3. Not all of Marydee’s tweets appeared in my timeline and vice versa. This really did become very annoying as we had to periodically look at each other’s page to check what the other person had said. I have since discovered that this is a known bug and that Twitter is working on it. See The Case of the Missing Updates and Weekend Update on the Twitter Blog.
4. Both Marydee and I are concerned as to how long the tweets remain on the site. You can view the most recent 200 tweets on a page or in your own timeline but there is no mention of any expiration date. 200 may seem a lot but if there are several of you following each other at a conference, you quickly exceed that limit and have to resort to looking at individual pages for the older tweets. For me, that defeats the object of following conferences on Twitter. It is far more interesting and useful to see tweets on the same presentation from different people intermingled. The 200 limit also means that if you want to keep them as a permanent record for even just a few weeks you have to copy the tweets to a locally held document. There is no export facility.
Marydee and I twittered the INSOURCE conference together by ‘following’ each other. Apart from the technical glitches this worked reasonably well. However, if more people were involved it would be far too cumbersome to identify all the twitterers at a conference and follow them. But Twitter have thought of that – see Using Twitter for Your Event. That will be our next Twitter experiment
Twittering (or is it tweeting) the INSOURCE conference in Prague generally went well. It helped me concentrate on the presentations more, and I really got into the swing of it once I had become accustomed to the 140 character limitation on each tweet. The only problem I had was with some of the Czech presentations. The headphones for the English translations were subject to static from nearby laptops and the wi-fi connections. At one point my headphones gave up altogether. Marydee Ojala, who is also here and twittering, took over from me and then joined in full time. So there are two threads of the conference on twitter.com: my own (karenblakeman) and Marydee’s (marydeeo).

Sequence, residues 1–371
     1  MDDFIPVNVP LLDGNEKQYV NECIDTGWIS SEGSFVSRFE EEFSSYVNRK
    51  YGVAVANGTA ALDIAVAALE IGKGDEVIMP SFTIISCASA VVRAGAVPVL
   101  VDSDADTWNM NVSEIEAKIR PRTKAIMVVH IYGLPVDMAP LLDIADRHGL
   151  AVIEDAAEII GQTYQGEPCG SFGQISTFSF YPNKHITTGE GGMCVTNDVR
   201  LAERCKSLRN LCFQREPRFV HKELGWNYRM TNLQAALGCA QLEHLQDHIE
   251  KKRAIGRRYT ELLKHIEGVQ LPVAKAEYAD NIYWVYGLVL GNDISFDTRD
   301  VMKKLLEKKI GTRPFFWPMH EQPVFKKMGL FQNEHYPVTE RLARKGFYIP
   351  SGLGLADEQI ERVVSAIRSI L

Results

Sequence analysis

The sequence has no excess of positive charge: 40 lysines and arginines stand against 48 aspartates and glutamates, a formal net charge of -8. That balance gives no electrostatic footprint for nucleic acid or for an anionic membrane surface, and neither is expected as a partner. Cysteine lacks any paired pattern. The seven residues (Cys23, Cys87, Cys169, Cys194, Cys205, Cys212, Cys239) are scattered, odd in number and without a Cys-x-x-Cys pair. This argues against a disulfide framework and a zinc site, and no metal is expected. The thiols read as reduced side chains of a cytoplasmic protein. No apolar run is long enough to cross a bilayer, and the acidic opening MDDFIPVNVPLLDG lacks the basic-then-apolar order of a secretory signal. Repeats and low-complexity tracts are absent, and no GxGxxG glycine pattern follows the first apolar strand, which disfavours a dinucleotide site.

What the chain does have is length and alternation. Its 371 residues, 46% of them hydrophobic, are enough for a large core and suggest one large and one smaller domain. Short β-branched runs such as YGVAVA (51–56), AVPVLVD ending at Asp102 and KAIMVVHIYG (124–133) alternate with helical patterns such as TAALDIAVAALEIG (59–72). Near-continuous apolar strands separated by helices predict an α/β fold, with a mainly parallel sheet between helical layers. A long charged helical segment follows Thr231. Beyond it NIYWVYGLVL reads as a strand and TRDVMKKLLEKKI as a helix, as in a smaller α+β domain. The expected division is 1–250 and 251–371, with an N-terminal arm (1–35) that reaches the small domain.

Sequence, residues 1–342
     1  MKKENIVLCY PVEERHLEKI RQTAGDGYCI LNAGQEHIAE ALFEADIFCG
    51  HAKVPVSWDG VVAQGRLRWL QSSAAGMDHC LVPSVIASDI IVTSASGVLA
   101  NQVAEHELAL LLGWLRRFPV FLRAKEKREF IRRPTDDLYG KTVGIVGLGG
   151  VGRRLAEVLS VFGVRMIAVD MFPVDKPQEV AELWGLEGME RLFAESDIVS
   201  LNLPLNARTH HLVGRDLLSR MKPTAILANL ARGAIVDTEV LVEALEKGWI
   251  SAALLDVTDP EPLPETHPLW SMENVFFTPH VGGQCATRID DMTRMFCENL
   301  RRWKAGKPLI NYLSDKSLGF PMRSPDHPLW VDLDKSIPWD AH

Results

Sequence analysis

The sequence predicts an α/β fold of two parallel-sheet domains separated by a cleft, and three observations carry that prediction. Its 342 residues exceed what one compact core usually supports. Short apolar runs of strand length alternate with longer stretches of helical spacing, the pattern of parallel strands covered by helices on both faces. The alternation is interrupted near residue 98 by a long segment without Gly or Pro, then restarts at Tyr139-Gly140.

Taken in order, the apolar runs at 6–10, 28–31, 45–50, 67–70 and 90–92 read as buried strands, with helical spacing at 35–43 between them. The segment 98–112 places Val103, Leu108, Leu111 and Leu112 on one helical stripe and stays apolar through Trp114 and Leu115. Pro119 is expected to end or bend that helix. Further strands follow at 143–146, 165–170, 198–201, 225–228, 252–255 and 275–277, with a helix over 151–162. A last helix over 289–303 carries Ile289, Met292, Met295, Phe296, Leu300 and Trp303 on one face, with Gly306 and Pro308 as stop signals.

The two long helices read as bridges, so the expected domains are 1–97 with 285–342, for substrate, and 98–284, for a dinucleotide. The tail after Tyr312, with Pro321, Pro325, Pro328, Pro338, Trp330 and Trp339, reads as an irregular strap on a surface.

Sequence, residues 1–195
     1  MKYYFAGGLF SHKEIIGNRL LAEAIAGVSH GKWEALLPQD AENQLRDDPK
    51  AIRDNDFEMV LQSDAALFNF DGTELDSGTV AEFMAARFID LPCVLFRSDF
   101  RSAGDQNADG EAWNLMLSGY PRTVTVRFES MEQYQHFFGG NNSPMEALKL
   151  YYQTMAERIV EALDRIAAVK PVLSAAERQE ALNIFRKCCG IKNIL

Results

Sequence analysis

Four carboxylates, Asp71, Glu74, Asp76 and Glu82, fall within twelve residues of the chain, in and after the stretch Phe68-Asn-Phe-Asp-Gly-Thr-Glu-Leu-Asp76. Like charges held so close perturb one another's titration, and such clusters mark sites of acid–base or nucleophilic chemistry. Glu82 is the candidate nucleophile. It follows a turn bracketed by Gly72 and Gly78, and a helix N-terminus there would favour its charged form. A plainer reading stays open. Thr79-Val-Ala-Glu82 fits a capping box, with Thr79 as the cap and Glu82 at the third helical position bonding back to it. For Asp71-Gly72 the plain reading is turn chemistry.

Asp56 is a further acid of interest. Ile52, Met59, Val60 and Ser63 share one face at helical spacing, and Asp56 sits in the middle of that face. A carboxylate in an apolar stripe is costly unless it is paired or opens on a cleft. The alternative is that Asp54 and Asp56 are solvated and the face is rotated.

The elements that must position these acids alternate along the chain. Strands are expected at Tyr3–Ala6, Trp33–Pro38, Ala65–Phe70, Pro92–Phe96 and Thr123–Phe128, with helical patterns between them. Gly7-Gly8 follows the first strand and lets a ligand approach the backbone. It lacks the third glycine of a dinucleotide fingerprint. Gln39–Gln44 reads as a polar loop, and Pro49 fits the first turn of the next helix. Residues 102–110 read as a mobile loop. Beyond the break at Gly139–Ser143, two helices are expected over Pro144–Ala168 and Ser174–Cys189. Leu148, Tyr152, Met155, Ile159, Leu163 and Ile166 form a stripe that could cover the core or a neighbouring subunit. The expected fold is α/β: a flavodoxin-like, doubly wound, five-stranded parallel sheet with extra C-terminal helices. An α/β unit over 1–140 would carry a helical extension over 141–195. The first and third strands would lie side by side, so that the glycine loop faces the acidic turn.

Twittering is about to re-start at 8.30 Czech time, 7.30 UK time.
I shall be in Prague this week twittering from INSOURCE 2008. This is a new conference entitled ‘Conference on Professional Information Resources for business, Marketing, Management, Research. Several of my colleagues have asked for feedback on the event but rather than do a formal report I shall attempt to twitter it. The problem with events such as these is that I start off with the best intentions to attend as many presentations as possible but end up instead chatting to various people.
Details of the event are on http://www.insource.cz/ and the papers will, I understand, appear on the web site.